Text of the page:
At 05:08 PM 10/22/2003 -0400, Tom Otvos wrote:

The CC number is clearly not hidden if there is a MITM. I think the "I got my money so who cares
where it came from" argument is not entirely a fair representation. Someone ends up paying for
abuses, even if it is us in CC fees, otherwise why bother encrypting at all? But that is besides
the point.

the statement was SSL domain name certificate is

1) am i really talking to who I think I'm talking to
2) encrypted channel

obviously #1 addresses MITM (am i really talking to who I think I'm talking to).

The issue for CC is that it really is a "shjared secret" and is extremely vulnerable ... as I've commented before

1) CC needs to be in the clear in a dozen or so business processes
2) much simpler to harvest a whole merchant file with possibly millions of CC numbers in about the same effort to evesdrop one off the net (even if there was no SSL) return on investment .... for approx. same amount of effort get one CC number or get millions
3) all the instances in the press are in fact involved with harvesting large files of numbers ... not one or two at a time off the wire
4) burying the earth in miles of crypto still wouldn't eliminate the current shared-secret CC problem

slightly related .... security proportional to risk:

so the requirement given the X9 financial standards working group X9A10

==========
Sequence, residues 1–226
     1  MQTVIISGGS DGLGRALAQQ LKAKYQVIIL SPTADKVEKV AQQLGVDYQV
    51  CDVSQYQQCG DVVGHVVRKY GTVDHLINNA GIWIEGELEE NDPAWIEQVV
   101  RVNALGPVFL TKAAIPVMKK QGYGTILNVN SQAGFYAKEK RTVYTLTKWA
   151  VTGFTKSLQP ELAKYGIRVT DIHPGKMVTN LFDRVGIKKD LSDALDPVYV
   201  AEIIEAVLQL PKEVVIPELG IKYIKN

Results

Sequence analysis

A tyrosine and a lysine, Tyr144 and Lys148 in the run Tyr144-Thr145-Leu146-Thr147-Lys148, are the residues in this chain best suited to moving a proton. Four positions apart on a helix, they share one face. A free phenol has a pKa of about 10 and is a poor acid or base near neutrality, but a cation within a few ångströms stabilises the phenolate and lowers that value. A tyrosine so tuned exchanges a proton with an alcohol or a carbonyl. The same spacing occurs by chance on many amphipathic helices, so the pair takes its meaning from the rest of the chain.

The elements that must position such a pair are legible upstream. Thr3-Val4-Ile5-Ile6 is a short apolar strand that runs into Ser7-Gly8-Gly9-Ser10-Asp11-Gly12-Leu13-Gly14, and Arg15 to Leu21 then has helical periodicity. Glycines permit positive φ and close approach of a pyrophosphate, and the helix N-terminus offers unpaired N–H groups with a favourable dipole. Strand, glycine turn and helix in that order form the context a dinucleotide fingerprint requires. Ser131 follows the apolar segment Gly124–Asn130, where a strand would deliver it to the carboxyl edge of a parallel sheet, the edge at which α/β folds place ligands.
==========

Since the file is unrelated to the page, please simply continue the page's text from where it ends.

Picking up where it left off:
was to preserve the integrity of the financial infrastructure for all electronic retail payment (regardless of kind, origin, method, etc). The result was X9.59 standard

which effectively defines a digitally signed, authenticated transaction .... no certificate required ... and the CC number used in X9.59 authenticated transactions shouldn't be used in non-authenticated transactions. Since the transaction is now digitally signed transactions and the CC# can't be used in non-authenticated transactions .... you can listen in on X9.59 transactions and harvest all the CC# that you want to and it doesn't help with doing fraudulent transactions. In effect, X9.59 changes the business rules so that CC# no longer need to be treated as shared secrets.

misc. past stuff about ssl domain name certificates

misc. past stuff about relying-party-only certificates

misc. past stuff about using certificateless digital signatures in radius authentication

misc. past stuff about using certificateless digital signatures in kerberos authentication

misc. fraud & exploits (including some number of cc related press announcements)

some discussion of early SSL deployment for what is now referred to as electronic commerce

Anne & Lynn Wheeler
Internet trivia 20th anv

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